The hypothermic effect of tetrodotoxin in the unanaesthetized cat.

The Journal of physiology

PubMedID: 4196699

CLARK WG, Coldwell BA. The hypothermic effect of tetrodotoxin in the unanaesthetized cat. J Physiol (Lond). 1973;230(2):477-92.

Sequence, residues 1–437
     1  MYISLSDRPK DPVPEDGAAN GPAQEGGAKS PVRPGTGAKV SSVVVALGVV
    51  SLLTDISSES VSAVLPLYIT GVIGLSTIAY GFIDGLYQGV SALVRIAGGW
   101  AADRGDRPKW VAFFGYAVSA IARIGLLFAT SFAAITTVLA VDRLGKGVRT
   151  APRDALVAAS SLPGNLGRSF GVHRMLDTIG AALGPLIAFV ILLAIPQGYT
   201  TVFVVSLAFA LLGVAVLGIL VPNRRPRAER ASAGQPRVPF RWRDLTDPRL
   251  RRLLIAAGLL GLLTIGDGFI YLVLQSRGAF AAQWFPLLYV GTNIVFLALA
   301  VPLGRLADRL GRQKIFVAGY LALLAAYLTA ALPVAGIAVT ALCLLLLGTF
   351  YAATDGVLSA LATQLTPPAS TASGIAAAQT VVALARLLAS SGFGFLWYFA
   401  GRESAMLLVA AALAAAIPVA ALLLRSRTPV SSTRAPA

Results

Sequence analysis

1. The hypothermic effect on unanaesthetized cats of tetrodotoxin injected I.V. or into the lateral cerebral ventricle was examined.2. At an ambient temperature (T(a)) of 22 degrees C, tetrodotoxin given intraventricularly was over 400 times more potent in lowering body temperature (T(b)) than when given I.V. The magnitude of the hypothermia was dose-dependent for both routes. Decreases in T(b) as great as 6.8 degrees C were induced by infusions or multiple injections of tetrodotoxin into the ventricle.3. Tetrodotoxin also lowered T(b) at T(a) = 13, 30 or 35 degrees C. Tachypnoea, which lasted for longer durations and which became more intense the higher the T(a), accompanied development of hypothermia. Shivering was observed only during recovery from hypothermia at 13 degrees C.4. During the tetrodotoxin-induced hypothermia, animals were still able to regulate against environmental thermal stresses.5. EDTA disodium salt, leucocytic pyrogen and prostaglandin E(1) antagonized the hypothermic effect of tetrodotoxin when they were administered during recovery from tetrodotoxin.6. Activation of heat-loss mechanisms, and the absence of compensatory shivering during development of hypothermia after tetrodotoxin administration, plus lowering of T(b) by tetrodotoxin at T(a) above as well as below the thermoneutral temperature, indicate that lowering of the thermoregulatory set-point is the mechanism by which centrally or peripherally administered tetrodotoxin lowers T(b). Further evidence for set-point lowering after intraventricular administration of tetrodotoxin is provided by persistence of the ability to regulate against both heat and cold stresses during hypothermia. The possibility that the decrease in set-point could be due to the well known action of tetrodotoxin to block transient increases in membrane sodium ion conductance is discussed in terms of a recent hypothesis regarding ionic control of the thermoregulatory set-point.